Case Study: A conversation with Dr. Isatou Touray

Dr. Isatou Touray, Executive Director of the Gambia Committee on Traditional Practices Affecting the Health of Women and Children (GAMCOTRAP)


GAMCOTRAP Photo: UN Trust Fund: Gemma Wood
Photo: UN Trust Fund/Gemma Wood

The UN Trust Fund to End Violence against Women (UN Trust Fund) supported GAMCOTRAP’s project “Advancing Women’s Rights and Ending Harmful Traditional Practices through Rights Education” in the Gambia from 2015-2017. An estimated three in four women and nearly half of all girls in the Gambia have undergone female genital mutilation/cutting (FGM/C), which causes irreversible harm to women and girls.

Dr. Touray spoke to the UN Trust Fund to explain the methods and successes of GAMCOTRAP, which has been raising awareness about the pernicious effects of FGM/C and early marriage for 35 years, and thanks to the consistent and tireless efforts of groups like GAMCOTRAP, the Gambia legally banned FGM/C in 2015.

“We’ve been gaining momentum right across the country where we build capacity, create awareness, raise the consciousness of the people”, said Dr. Touray. “[We] also engage with the traditional leaders because FGM is shrouded in secrecy, is a deep-rooted culture, and people associate it with religion, Islam.”

To make progress, the GAMCOTRAP engaged scholars, religious leaders and village chiefs in discussions about traditional practices: “FGM is about control of women’s sexuality. The myth surrounding it is all about promoting patriarchal principles of control over the bodies of women. When one of the leaders says ‘No’, that is what all the other leaders will say. The leader may be responsible for about 80 communities… Let’s say that 80 villages are there. Then you have 8 or 10 clusters. You have to run a three-day programme for each of those clusters, to cover young people, village heads, religious leaders, women of authority age, circumcisers, youth, traditional communicators. You are now breaking the culture of silence over the issue.”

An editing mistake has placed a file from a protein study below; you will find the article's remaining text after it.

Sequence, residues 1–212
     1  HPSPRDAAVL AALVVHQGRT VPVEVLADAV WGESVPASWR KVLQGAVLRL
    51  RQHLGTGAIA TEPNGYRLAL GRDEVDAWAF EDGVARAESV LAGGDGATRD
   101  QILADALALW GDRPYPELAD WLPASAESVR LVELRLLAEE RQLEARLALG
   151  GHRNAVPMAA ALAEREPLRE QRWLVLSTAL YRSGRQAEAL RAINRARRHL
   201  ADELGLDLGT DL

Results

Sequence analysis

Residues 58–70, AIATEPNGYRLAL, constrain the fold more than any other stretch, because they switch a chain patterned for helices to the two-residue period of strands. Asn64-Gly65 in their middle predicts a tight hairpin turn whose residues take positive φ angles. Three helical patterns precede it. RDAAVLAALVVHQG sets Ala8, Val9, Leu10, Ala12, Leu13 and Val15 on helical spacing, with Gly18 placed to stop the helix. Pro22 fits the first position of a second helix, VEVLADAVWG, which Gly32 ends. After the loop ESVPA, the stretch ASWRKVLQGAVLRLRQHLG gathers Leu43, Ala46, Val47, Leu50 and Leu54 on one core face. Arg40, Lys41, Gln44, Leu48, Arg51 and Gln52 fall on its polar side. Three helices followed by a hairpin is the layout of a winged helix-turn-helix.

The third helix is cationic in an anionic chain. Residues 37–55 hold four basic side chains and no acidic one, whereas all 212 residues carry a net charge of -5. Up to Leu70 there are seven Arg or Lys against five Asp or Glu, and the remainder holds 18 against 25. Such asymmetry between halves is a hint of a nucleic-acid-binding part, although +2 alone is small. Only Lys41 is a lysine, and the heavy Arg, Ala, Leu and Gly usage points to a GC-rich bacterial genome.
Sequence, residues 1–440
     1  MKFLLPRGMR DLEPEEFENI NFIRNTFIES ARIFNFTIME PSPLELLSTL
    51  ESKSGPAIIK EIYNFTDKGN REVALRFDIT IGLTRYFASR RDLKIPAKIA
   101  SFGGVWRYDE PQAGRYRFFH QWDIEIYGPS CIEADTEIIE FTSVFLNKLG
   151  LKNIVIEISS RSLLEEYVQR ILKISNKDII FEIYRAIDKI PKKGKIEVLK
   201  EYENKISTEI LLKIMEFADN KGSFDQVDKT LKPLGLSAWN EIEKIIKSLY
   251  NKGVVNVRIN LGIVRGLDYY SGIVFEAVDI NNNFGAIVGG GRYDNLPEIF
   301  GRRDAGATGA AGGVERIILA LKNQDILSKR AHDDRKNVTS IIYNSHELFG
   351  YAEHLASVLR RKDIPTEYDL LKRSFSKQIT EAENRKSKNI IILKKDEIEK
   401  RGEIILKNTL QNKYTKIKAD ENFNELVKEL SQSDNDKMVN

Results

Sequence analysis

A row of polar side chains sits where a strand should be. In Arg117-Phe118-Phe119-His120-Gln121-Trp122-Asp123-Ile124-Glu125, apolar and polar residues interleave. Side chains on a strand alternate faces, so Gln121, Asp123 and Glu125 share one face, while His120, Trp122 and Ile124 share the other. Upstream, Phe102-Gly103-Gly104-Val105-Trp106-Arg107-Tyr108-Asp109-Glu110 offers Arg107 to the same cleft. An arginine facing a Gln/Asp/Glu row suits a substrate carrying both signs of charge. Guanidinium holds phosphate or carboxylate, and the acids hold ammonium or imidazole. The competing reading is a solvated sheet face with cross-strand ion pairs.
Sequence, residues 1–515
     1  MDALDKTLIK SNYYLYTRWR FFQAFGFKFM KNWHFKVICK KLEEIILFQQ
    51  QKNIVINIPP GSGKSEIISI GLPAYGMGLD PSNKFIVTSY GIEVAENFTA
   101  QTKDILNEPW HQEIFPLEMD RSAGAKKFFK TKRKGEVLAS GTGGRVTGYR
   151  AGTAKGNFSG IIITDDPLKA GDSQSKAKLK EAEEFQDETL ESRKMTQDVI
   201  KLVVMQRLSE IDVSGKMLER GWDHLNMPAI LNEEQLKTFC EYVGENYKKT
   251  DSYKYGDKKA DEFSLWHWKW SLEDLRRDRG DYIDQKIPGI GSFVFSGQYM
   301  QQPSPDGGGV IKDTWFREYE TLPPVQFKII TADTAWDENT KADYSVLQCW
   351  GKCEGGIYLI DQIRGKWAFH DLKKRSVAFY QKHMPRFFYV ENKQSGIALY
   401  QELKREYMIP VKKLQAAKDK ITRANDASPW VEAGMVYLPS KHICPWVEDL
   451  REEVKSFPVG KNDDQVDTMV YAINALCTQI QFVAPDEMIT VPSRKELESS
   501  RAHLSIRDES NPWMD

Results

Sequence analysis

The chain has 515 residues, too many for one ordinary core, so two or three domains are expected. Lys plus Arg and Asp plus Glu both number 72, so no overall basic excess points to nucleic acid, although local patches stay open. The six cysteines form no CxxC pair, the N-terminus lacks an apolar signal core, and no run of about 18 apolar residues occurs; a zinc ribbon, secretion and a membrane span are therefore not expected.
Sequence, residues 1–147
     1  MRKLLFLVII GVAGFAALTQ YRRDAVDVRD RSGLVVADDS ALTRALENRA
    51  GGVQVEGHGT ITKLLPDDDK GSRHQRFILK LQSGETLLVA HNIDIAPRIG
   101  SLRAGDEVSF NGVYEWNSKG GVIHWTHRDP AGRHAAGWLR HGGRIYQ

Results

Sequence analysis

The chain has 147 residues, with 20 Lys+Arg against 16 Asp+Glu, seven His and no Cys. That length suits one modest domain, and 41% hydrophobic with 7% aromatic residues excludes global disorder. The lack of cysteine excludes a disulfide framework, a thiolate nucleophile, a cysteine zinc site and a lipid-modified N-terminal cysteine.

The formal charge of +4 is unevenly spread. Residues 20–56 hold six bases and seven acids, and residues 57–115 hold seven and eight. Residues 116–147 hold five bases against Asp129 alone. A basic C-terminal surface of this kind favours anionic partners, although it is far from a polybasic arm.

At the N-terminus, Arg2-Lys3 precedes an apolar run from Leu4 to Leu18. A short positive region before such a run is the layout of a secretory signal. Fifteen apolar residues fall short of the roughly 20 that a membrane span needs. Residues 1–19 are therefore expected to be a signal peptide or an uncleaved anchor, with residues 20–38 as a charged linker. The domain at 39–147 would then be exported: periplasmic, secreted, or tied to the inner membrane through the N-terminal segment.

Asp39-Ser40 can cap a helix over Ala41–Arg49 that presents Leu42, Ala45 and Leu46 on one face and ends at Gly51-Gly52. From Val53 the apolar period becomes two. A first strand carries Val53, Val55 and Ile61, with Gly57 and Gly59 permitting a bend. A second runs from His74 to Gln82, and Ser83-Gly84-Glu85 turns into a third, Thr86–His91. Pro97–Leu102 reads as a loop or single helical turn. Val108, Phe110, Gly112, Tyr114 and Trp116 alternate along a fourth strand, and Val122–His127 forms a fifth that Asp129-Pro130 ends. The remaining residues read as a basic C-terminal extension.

Dr. Touray said that because FGM/C is about women, women have to take the lead. “They identify the content of the programme and we train them... about social mobilization and advocacy strategies, grassroots activism ­– and then they will be advocates. It takes a minimum of three years. [Then] there will be nowhere in the village, in the region, that will tell you, ‘I have not heard about FGM’. Nobody will tell you, ‘I have not heard it on the radio” because we back [our work] up with community radio programmes.”

“All of the circumcisers are women and the whole topic is secret. They’re highly separated. [So] when we meet to discuss [FGM/C] for the first time in their community, we separate them completely. Then we sit down, discuss with these women and strategize. Then we go out, discuss with the men, and strategize. And then we create a space where they will interface.”

The “Dropping of the Knife” ceremony is key to sustaining the work, said Dr. Touray, as it involves the community publicly pledging to end FGM/C.

“We are dealing with human rights. We are dealing with issues of inequality, economic empowerment and addressing the patriarchal control over the body, over women.”

Dr. Touray’s stance has not been easy, and she has faced challenges. She didn’t allow her daughters to be subjected to the harmful traditional practice and consequently was ostracized by her family for about five years. Now, she said, none of the girls in the extended family are being cut.

“I want to give credit to the communities and the chiefs who have led the campaign. We were only facilitating for them. We were empowering them with the right tools, the right instruments, and listening to them, coming back, preparing the strategy and taking it back to them. And it has worked… 1,115 communities are dropping [FGM/C].”

An estimated 200 million women and girls alive in the world have suffered FGM/C. Globally, the UN Trust Fund supports 27 grantees that are working to change mentalities and attitudes that perpetuate harmful traditional practices and violence against women.

Click here for more information on the work of UN Trust Fund’s grantee, GAMCOTRAP.